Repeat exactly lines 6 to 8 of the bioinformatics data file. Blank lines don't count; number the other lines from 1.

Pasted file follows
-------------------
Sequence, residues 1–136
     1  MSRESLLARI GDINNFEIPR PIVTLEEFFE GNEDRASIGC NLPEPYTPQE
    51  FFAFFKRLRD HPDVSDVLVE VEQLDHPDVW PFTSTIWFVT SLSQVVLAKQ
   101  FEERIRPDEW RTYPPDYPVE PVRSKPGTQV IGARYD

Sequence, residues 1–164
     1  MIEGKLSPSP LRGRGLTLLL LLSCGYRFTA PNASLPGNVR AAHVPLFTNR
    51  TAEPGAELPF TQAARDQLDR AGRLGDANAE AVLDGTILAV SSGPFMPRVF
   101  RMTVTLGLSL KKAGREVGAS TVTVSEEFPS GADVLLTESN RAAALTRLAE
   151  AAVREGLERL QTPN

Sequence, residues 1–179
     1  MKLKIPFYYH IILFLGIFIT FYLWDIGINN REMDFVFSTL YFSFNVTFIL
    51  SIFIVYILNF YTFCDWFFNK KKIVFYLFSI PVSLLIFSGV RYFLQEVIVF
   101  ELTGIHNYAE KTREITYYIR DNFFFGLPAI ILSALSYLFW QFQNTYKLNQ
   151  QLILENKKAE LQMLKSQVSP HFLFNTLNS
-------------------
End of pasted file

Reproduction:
     1  MIEGKLSPSP LRGRGLTLLL LLSCGYRFTA PNASLPGNVR AAHVPLFTNR
    51  TAEPGAELPF TQAARDQLDR AGRLGDANAE AVLDGTILAV SSGPFMPRVF
   101  RMTVTLGLSL KKAGREVGAS TVTVSEEFPS GADVLLTESN RAAALTRLAE